Human Species of hominid

Humans are the only extant members of the subtribe Hominina. Together with chimpanzees, gorillas, and orangutans, they are part of the family Hominidae. A terrestrial animal, humans are characterized by their erect posture and bipedal locomotion; high manual dexterity and heavy tool use compared to other animals; open-ended and complex language use compared to other animal communications; larger, more complex brains than other animals; and highly advanced and organized societies.

Gravel mix of crumbled stone (grain size range = 2-63 mm according to ISO 14688)

Gravel is a loose aggregation of rock fragments. Gravel is classified by particle size range and includes size classes from granule- to boulder-sized fragments. In the Udden-Wentworth scale gravel is categorized into granular gravel and pebble gravel. ISO 14688 grades gravels as fine, medium, and coarse with ranges 2 mm to 6.3 mm to 20 mm to 63 mm. One cubic metre of gravel typically weighs about 1,800 kg.

The cost of demolition had steadily increased to $75 million by Bovis Lend Lease, as large amounts of asbestos, dioxin, lead, silica, quartz, polycyclic aromatic hydrocarbons, chromium, and manganese had been found within the building. [5]

Asbestos Group of highly stable, non-flammable silicate minerals with a fibrous structure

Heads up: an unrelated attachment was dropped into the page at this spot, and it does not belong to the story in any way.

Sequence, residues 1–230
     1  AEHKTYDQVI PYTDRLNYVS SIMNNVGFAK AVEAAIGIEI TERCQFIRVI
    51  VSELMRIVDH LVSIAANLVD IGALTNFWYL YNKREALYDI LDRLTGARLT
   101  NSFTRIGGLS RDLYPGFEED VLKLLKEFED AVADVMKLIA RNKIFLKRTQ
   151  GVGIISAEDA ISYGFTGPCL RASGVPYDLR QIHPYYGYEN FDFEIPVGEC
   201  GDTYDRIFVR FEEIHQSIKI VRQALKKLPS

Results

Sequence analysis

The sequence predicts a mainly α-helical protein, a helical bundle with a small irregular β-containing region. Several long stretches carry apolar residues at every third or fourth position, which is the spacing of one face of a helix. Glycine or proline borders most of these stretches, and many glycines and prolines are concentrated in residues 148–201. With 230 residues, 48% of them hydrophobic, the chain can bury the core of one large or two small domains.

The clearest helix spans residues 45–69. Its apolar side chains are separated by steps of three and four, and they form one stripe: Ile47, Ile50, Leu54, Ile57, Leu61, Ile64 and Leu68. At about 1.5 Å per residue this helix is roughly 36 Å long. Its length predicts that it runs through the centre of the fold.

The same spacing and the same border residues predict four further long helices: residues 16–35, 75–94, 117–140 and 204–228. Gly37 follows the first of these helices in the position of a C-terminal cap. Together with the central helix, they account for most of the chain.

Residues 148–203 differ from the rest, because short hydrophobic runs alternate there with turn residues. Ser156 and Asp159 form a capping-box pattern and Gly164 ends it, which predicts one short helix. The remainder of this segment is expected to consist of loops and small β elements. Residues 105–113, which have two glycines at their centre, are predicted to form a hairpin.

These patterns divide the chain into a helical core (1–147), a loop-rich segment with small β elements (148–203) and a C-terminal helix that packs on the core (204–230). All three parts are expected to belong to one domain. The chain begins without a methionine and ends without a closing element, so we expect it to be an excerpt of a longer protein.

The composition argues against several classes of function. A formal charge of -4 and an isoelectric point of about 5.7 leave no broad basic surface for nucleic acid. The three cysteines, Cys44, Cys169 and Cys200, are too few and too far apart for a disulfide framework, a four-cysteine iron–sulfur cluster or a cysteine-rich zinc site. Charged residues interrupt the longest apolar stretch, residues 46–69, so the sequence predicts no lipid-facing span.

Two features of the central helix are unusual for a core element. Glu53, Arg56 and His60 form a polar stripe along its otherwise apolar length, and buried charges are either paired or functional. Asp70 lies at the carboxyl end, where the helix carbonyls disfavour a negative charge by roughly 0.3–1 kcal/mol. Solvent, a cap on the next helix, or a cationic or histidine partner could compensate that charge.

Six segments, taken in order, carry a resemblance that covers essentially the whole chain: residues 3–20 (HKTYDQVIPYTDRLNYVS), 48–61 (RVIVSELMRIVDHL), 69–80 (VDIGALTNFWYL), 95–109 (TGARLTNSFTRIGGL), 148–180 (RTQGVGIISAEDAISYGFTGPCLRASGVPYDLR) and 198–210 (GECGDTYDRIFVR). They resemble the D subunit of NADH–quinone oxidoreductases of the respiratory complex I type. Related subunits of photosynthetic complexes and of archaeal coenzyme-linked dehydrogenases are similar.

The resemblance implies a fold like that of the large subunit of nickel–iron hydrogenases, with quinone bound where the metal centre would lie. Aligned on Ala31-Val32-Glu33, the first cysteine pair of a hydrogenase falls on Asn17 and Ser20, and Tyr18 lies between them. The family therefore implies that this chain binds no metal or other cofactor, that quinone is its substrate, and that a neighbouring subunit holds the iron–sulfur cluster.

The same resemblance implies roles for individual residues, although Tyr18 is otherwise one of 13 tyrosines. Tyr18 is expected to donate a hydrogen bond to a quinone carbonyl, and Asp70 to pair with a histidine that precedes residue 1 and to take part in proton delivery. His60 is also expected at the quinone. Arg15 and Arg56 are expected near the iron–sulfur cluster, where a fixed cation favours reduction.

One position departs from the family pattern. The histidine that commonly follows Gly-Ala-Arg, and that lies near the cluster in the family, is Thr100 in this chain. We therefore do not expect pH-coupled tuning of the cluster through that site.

Asbestos is a term used to refer to six naturally occurring silicate minerals. All are composed of long and thin fibrous crystals, each fiber being composed of many microscopic 'fibrils' that can be released into the atmosphere by abrasion and other processes. Asbestos is a well known health hazard, and use of it as a building material is now banned in many countries. Inhalation of the fibres can lead to various lung conditions, including asbestosis and cancer.

Dioxin may refer to:

Lead Chemical element with atomic number 82

Lead is a chemical element with the symbol Pb and atomic number 82. It is a heavy metal that is denser than most common materials. Lead is soft and malleable, and also has a relatively low melting point. When freshly cut, lead is silvery with a hint of blue; it tarnishes to a dull gray color when exposed to air. Lead has the highest atomic number of any stable element and three of its isotopes are endpoints of major nuclear decay chains of heavier elements.

Demolition